“The workers moved unfinished car bodies in front of all the entrances, forming a barricade. They welded a steel frame around every door and placed bullet-proof metal sheets over every window, drilling holes into them so the nozzles of fire hoses could be screwed in.”
This is the start of the 44-day sit‑down strike at the Flint car plant in 1936, as told by Dave Sherry in his new book, Occupy! A short history of workers occupations.
This is not just a book about history – it is about a tactic that has made a sudden comeback over the last year. As workers have been hit by the recession, many have started to turn to occupations once again.
So last February workers at Waterford Glass in southern Ireland occupied against closure.
In April, workers at the Visteon car parts plants in Enfield, Basildon and Belfast occupied to demand redundancy money they were owed by former owner Ford.
Then came the occupation of the Vestas wind turbine plant on the Isle of Wight last summer – a struggle against closure that clearly raised the question of what kind of ridiculous system we live in when a green energy factory can be shut down.
Dave writes, “We are witnessing the return of a militant form of collective action associated with some of the great, mass struggles of the past – a form of action that many thought had vanished along with the 1970s.”
As the book shows, occupations have a long history in the workers movement. Dave recounts a series of struggles.
In Italy, after the First World War, a wave of factory occupations in Turin became the centre of what was known as the “two red years”.
And occupations played a critical role in France in 1936 and 1968 – not just as the most militant part of the struggle, but as a focal point in the argument about how it can go forward.
Both times the upsurge of strikes and factory occupations reduced the French bosses and their state to a shambles.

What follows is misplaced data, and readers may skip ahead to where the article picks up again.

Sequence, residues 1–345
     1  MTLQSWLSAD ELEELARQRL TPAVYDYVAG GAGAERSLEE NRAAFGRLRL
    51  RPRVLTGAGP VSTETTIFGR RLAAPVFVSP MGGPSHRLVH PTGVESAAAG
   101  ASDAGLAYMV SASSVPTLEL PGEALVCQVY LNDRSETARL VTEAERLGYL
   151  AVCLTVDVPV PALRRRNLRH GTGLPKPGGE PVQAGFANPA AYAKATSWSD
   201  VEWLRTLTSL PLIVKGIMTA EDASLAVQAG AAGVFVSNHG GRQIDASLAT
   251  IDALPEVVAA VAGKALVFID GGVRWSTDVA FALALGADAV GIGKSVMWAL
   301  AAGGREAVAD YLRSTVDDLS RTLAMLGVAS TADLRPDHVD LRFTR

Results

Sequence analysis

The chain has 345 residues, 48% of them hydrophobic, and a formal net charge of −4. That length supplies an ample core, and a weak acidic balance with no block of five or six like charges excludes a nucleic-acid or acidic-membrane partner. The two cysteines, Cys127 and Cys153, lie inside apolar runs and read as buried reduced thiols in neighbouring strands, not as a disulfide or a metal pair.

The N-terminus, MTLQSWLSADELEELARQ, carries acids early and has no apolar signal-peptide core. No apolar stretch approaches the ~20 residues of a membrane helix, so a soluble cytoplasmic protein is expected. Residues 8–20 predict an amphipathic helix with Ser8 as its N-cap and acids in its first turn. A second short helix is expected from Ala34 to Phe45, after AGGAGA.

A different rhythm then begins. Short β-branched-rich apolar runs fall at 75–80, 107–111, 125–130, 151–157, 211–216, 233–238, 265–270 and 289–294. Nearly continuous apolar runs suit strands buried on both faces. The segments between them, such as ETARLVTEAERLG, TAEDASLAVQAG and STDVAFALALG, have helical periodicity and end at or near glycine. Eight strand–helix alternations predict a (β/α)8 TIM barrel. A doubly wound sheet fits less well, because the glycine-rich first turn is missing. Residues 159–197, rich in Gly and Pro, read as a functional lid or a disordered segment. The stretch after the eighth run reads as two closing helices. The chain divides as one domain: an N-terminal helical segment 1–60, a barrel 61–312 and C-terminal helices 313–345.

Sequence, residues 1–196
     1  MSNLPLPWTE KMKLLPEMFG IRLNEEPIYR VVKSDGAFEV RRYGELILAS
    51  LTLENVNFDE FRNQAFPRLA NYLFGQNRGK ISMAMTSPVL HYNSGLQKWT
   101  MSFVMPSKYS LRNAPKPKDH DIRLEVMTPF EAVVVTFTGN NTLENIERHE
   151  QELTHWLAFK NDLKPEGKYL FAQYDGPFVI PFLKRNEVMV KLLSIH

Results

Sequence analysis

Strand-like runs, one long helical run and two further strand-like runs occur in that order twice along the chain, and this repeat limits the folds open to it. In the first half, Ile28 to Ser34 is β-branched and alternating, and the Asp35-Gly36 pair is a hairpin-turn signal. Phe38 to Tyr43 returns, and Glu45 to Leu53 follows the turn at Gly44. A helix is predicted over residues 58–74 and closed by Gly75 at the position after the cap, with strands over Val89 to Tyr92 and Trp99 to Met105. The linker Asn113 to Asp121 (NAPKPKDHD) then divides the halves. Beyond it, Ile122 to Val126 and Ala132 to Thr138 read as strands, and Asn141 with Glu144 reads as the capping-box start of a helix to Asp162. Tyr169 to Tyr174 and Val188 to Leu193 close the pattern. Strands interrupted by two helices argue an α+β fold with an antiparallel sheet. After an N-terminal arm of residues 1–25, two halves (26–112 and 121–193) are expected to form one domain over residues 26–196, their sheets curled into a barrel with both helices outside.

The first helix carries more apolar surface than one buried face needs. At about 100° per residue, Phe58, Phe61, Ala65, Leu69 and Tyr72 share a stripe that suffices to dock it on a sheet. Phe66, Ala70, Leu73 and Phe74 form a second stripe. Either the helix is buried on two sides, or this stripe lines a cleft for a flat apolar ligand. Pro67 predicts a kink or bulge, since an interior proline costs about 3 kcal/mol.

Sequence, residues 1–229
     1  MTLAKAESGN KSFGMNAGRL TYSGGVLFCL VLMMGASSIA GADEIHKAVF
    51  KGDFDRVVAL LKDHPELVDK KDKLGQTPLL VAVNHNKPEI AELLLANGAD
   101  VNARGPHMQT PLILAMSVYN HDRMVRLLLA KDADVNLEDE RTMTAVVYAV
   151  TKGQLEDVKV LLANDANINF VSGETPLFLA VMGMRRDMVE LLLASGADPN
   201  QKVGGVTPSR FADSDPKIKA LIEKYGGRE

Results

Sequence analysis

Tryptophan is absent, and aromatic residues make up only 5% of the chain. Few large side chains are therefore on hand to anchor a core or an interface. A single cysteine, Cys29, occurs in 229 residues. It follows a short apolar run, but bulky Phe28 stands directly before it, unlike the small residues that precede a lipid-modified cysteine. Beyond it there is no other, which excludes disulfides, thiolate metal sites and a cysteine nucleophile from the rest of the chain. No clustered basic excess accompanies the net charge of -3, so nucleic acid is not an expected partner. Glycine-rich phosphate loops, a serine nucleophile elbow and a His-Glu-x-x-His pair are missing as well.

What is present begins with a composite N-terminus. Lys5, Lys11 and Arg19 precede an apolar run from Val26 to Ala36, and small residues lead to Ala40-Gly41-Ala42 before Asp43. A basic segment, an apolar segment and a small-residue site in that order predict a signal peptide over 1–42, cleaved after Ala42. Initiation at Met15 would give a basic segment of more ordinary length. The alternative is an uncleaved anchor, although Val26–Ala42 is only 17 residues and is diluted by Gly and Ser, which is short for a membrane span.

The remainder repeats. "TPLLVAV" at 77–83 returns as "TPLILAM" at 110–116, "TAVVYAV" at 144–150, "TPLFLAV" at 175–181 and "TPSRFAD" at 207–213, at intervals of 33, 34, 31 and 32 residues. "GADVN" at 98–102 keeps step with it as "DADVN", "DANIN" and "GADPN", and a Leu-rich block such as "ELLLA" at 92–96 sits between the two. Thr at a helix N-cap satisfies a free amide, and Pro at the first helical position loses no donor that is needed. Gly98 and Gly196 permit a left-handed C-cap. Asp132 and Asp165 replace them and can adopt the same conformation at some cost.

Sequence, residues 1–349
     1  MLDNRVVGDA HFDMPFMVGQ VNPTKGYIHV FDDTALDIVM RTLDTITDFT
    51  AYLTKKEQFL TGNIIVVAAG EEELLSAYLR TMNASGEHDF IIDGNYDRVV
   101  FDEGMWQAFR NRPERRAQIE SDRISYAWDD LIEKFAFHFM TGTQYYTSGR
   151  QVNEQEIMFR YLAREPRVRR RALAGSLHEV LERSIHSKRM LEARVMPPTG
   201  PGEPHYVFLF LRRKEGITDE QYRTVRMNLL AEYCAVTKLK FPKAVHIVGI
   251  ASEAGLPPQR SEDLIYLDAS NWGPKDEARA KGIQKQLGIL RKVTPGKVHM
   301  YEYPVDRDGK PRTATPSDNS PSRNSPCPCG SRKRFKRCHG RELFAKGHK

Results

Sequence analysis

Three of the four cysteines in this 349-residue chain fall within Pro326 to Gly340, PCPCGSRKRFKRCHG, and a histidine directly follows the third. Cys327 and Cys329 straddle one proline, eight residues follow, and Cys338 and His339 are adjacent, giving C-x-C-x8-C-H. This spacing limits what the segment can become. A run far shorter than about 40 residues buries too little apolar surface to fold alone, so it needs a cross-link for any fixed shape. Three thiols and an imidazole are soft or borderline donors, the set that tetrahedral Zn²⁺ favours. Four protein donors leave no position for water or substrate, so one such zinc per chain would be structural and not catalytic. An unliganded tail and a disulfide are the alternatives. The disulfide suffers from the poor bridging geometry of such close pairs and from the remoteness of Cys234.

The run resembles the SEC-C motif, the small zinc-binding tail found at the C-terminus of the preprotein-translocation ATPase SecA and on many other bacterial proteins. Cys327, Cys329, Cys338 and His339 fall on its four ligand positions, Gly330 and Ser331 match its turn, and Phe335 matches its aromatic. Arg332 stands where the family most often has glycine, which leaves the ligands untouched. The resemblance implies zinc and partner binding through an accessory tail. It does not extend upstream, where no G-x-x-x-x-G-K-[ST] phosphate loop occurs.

Occupations inspire other groups of workers. When they spread, the struggle can quickly shift from a defensive local fight to a wider offensive.
As Dave points out, “Successful occupations extend the frontier of working class control and raise the general level of workers’ self-activity.
“They can quickly alter the balance of power between capital and labour.”
This was true of the struggle in the US car plants in the 1930s. The background to the fight was a countrywide struggle to build unions across the car industry.
In December 1936 workers occupied General Motors (GM) car plants in Flint, Michigan. It was part of a wave of new unionisation sweeping the US at the time.
Many had believed that car workers could not be organised into unions – but now they were suddenly and dramatically proved wrong.
When the occupation came under attack, plants across the city shut down. Some 20,000 workers left work to go and defend the workers in Flint.
GM bosses surrendered after less than two months. They signed an agreement recognising the union. In the next two weeks, workers organised another 87 sit-down strikes in Detroit alone. Unionisation spread across the car industry.
In response, the revolutionary Leon Trotsky wrote, “Sit-down strikes go beyond the limits of normal capitalist procedure. Independent of the demands of the strikers, temporary seizure of the factories deals a blow to capitalist property.
“Every sit-down poses in a practical manner the question of who is the boss of the factory, the capitalist or the workers?”
Of course, raising a question is not the same as answering it. While occupations can raise the issue of workers’ power, they can also open up the possibility of alternative methods of running a factory in a narrower sense.
One is the idea of making the firm a going concern by workers turning it into a co-op.
But Dave argues that, “The occupation of a factory is a tactic of class struggle – not an experiment in workers’ control. Workers’ control cannot exist in a single factory.”
He uses the example of a shop steward who wrote a letter to Socialist Worker in 1975 explaining why.
“The co-op means workers are landed with the responsibility of making the place a going concern,” the letter reads. “It means lowering wages and increasing productivity.
“It absolves the government and the employers from responsibility and it solves the receiver’s problem. Labour has tried to turn workers away from demanding nationalisation – the co-op formula allows them to do this and sound radical.”
This is why the book argues that occupations are not just about spontaneity – they raise the question of leadership. How can we both offer solidarity and also intervene politically?
The last big wave of occupations across Britain in the 1970s was sparked by the occupation of the UCS shipyard on the Clyde.
But at that time, as the book argues, “The revolutionary left had grown but was too small to counter the influence of reformism on the working class movement.”
The book brings together the history of a range of important struggles to create a useful tool in organising and deepening resistance today.
Whether it’s education cuts, council job losses or factory closures, we should occupy – and fight for a “bailout” for workers not bankers.
Occupy! A short history of workers’ occupations